The opinion of the court was delivered by: GERARD E. LYNCH, District Judge
The three defendants in this case pled guilty to charges including
conspiracy to import cocaine into the United States, 21 U.S.C. § 963,
and use of a firearm during and in relation to a drug trafficking crime,
18 U.S.C. § 924(c)(1)(A). Because the conspiracy involved in excess
of 150 kilograms of cocaine, a fact not disputed by the defendants, the
U.S. Sentencing Guidelines ("U.S.S.G." or "Guidelines") prescribe a base
offense level of 38 for each defendant.*fn1 U.S.S.G. § 2D1.1(c)(1). Indeed, it is undisputed that the defendants were arrested in Belize in
possession of some 1500 kilograms of cocaine destined for the U.S.
market. The parties agreed, however, to leave several other issues
relevant to sentencing for resolution after an evidentiary hearing, see
United States v. Fatico, 603 F.2d 1053 (2d Cir. 1979);
United States v. Fatico, 579 F.2d 707 (2d Cir. 1978), which
the Court held on March 3 and 4, 2004. This opinion sets forth the
factual findings and legal conclusions required to arrive at appropriate
sentences for each defendant.
The Government argues that Torres-Teyer should receive a four-level
"aggravating role" adjustment because he acted as an "organizer or leader
of a criminal activity that involved five or more participants or was
otherwise extensive." U.S.S.G. § 3B1.1(a). To impose this adjustment,
the Court must find "(i) that the defendant was `an organizer or leader,'
and (ii) that the criminal activity either `involved five or more
participants' or `was otherwise extensive.'" United States v.
Zagari, 111 F.3d 307, 330 (2d Cir. 1997) (internal quotation marks
omitted). The evidence overwhelmingly, by far more than a preponderance,
justifies these findings.
First, while the Government need not establish that Torres-Teyer
managed five or more participants (evidence of "otherwise extensive"
criminal activity also suffices), United States v. Zichettello,
208 F.3d 72, 107 (2d Cir. 2000), it cannot be disputed that the criminal
activity here involved more than five people. Counting only those
directly supervised by Torres-Teyer, the participants included Liston
McCord, codefendants Carrasco. and Aguirre, the crew of Mexican laborers or seamen who worked with McCord to transfer cocaine from
large to small boats (e.g., Michael, Chilango, Alfredo, Gordo)
(Tr. 111, 122-23, 126, 133), the sea captains who responded to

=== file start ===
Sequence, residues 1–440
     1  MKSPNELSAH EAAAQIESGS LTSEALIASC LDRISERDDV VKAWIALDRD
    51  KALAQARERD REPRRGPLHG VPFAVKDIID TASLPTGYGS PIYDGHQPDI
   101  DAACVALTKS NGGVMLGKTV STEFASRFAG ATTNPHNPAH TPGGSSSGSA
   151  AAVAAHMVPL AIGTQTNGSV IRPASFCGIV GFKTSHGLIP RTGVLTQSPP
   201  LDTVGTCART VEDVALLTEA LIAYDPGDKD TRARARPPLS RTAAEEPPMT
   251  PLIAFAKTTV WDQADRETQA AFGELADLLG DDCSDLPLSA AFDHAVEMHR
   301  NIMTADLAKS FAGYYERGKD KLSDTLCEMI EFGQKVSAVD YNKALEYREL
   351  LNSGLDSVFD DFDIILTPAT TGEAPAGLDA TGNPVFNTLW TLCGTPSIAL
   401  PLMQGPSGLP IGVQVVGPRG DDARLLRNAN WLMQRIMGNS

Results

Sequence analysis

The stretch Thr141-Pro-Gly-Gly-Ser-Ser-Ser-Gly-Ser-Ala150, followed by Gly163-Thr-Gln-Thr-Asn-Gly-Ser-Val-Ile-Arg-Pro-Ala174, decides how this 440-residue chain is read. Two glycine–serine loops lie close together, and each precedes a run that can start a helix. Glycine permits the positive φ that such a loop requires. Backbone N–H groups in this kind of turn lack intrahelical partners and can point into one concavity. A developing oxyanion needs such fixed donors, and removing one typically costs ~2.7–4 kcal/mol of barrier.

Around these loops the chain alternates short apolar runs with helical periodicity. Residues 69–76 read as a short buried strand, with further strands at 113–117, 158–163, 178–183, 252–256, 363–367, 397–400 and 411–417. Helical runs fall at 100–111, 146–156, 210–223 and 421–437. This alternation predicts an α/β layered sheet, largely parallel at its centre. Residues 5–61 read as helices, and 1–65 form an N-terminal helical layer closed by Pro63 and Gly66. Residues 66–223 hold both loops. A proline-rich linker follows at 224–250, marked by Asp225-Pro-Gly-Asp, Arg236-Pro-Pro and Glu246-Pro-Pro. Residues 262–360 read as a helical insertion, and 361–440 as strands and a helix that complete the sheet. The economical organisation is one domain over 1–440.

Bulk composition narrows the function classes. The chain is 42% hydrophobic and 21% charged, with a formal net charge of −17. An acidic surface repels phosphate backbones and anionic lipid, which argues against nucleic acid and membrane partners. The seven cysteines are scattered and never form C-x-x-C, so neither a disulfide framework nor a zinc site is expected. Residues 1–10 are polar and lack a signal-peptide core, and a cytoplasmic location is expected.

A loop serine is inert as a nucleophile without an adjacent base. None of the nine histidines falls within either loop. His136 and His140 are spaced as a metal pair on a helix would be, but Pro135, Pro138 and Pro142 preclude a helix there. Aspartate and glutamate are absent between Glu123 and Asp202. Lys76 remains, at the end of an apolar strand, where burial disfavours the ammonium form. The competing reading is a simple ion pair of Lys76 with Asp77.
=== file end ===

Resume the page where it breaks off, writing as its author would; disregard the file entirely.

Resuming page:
Torres-Teyer's orders, and assorted pistoleros and laborers.
Second, Torres-Teyer unquestionably acted as an organizer and leader of
the conspiracy. The evidence seized from his apartment in Belize, where
authorities found the 1500 kilograms of cocaine, included a black folder
containing copies of facsimile communications giving directives to boat
captains and others regarding the transport of cocaine from Colombia to
Mexico. by sea. That Torres-Teyer wrote these facsimile communications is
clear: Belizean authorities found them in his apartment; according to
Liston McCord, a cooperating witness whom the Court finds highly
credible,*fn2 the handwriting matches that of Torres-Teyer (Tr. 163,
169); and they were signed by "Oso," which in Spanish means "bear," a
nickname for Torres-Teyer. (Id. 123-24.) The content of the
communications also confirms that he wrote them. In one, the author
advises coconspirators that he has assumed the new identity "Jorge Carlos
Moreno" and obtained a death certificate for "Jorge Torres-T." (GX 71.)
In another, he instructs members of the conspiracy how to find the
apartment complex where he then lived and to ask for Carlos Moreno, his assumed identity in Belize. (GX 81.) Jorge Carlos Moreno is also
the name that Torres-Teyer gave to the Belizean police who stopped him
for driving in the wrong direction on a one-way street, the incident that
led to the discovery of the 1500 kilograms of cocaine and the
apprehension of codefendants Carrasco. and Aguirre. (Torres-Teyer PSR
¶ 12.) The inference is inescapable that Torres-Teyer authored
numerous directives to a large number of conspirators.
Moreover, McCord testified that Torres-Teyer recruited him and gave him
orders about the transportation of more than a dozen cocaine shipments,
generally in amounts of at least 1500 kilograms. (Tr. 93-98, 125-26.) The
totality of McCord's testimony made absolutely clear that Torres-Teyer
organized and planned these shipments, and the seized records not only
corroborate that testimony they independently establish that he
played exactly this leadership role.
At a minimum, the evidence therefore establishes that Torres-Teyer was
a manager or supervisor of the narcotics organization in which he
participated. See United States v. Payne, 63 F.3d 1200, 1212
(2d Cir. 1995) ("A defendant acts as a manager or supervisor of a
criminal enterprise involving at least five participants if he exercises
some degree of control over others involved in the commission of the
offense or plays a significant role in the decision to recruit or to
supervise lower-level participants.") (internal citations, brackets and
quotation marks omitted). Distinguishing a "manager or supervisor,"
U.S.S.G. § 3B1.1(b), from an "organizer or leader," id.
§ 3B1.1 (a), may well be more of an art than a science. Concededly,
Torres-Teyer was not the leader of the entire narcotics trafficking
conspiracy. The evidence shows that he reported to Alcides Ramon Magana
and Albion Quintero Meraz, persons whom Special Agent Matthew John
O'Brien of the Drug Enforcement Administration ("DEA") described as
"heads of the organization" (Tr. 70), and superiors at times sent others